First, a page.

Then hubby lost his job, not once, but twice, and had another heart attack.  In hindsight, had I not been in academia teaching and running grants, we probably would have not made it; there is a flexibility to the hours that saved us and made it possible to make all the doctors’ appointments that were required to get everyone to a healthy place again.  However, there is a bit of a dark side…it meant I wasn’t able to keep up the frantic pace to finish the dissertation research quickly.  My star was losing its shine.  When it came time to start applying for positions within the University, as I have no real desire to uproot my family from the area, I was confronted with another harsh reality of academia thinking that’s counterintuitive in my old department…don’t hire the people you’ve just spent a fortune training.  Ouch! Never mind the contributions to publications, the workshops or new initiatives, or the willingness to advise undergrads and actually enjoy it, my services were no longer required due to the fact that I was “home-grown”.  I’ll leave you to think on that one; it’s a pending topic for discussion.  But in a nutshell, it was a life-changing, bitch-slap of a wake-up call.  What was important to me, career, family, personal goals…all were suddenly and forcefully tossed in the air for rearranging.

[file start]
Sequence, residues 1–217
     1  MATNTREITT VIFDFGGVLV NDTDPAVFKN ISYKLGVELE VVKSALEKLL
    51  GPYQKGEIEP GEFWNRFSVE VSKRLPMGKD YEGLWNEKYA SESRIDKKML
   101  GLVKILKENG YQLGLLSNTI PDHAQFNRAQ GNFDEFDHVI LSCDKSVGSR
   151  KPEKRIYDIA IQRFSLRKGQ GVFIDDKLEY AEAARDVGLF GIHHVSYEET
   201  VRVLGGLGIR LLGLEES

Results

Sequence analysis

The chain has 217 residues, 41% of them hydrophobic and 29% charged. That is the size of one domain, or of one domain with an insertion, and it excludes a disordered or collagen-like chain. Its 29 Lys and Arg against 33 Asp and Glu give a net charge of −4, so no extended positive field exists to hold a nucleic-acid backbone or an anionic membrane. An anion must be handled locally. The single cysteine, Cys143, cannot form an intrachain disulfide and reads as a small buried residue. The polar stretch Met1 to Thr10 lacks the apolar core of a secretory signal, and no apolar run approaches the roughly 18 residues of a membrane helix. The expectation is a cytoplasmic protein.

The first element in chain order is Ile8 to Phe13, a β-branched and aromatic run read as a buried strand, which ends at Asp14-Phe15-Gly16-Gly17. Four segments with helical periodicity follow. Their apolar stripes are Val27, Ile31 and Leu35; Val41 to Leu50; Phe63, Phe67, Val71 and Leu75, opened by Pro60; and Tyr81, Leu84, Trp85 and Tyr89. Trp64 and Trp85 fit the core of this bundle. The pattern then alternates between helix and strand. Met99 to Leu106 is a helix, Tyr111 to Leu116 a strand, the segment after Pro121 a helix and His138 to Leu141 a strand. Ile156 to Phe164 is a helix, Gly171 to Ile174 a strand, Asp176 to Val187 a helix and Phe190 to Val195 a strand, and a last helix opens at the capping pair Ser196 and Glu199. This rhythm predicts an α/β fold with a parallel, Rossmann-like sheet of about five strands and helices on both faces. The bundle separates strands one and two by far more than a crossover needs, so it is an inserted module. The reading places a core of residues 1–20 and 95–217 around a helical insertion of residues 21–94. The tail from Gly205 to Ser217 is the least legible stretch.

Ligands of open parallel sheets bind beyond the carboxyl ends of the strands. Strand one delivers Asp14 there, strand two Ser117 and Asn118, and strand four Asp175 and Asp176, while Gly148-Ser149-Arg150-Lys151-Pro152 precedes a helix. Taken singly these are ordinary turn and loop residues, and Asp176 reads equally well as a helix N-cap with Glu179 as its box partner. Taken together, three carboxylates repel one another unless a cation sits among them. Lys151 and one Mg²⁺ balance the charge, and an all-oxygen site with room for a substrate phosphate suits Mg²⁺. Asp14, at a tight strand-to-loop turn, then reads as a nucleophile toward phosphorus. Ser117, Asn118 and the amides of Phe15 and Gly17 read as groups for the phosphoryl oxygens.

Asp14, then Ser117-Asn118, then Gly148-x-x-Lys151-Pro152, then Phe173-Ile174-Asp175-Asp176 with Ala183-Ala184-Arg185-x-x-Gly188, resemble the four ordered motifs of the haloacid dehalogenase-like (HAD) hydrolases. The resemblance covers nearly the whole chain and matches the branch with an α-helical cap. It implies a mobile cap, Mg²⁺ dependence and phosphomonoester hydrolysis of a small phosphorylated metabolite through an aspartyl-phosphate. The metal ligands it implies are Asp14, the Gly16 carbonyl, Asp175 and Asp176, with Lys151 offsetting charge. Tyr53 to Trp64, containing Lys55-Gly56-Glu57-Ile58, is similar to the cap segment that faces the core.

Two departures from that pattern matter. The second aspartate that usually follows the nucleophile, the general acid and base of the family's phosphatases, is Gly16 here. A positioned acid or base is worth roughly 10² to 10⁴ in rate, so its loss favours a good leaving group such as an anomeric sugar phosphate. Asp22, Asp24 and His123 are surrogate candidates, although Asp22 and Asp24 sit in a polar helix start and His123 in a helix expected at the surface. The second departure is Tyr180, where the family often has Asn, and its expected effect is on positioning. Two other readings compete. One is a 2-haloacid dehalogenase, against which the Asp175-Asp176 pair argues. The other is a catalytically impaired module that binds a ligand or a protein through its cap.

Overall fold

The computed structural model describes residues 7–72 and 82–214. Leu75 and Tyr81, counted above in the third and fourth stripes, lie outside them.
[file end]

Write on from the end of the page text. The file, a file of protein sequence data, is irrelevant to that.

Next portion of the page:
So, here I am, a short 4 months shy of the elusive terminal degree, and I am finally feeling ready to “belt it out” and be done.  The mere fact that I’ve decided to share this journey with anyone willing to have a look speaks volumes to where I’ve come over the past 6 months.  Thank you for joining me in a reflection of where I’ve been and where I’m headed.  I hope these topics and musings are half as interesting to you, as they have been challenging to me.  I look forward to getting to know your journey as well!